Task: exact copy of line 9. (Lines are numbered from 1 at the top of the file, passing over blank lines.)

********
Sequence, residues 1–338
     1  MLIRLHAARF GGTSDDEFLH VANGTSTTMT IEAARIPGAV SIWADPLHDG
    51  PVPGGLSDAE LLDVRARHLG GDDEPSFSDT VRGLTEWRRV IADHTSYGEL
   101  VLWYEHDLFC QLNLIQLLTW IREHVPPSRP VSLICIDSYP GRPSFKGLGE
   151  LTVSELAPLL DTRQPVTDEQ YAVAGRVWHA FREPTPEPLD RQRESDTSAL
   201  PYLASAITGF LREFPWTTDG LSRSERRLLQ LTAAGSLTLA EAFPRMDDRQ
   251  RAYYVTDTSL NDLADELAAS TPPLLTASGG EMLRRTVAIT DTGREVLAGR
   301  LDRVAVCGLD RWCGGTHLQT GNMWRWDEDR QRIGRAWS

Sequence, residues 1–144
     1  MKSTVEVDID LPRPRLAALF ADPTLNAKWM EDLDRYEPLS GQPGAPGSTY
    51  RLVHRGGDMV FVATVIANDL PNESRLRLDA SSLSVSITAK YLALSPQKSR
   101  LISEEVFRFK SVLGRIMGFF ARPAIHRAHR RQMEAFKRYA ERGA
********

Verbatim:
Sequence, residues 1–144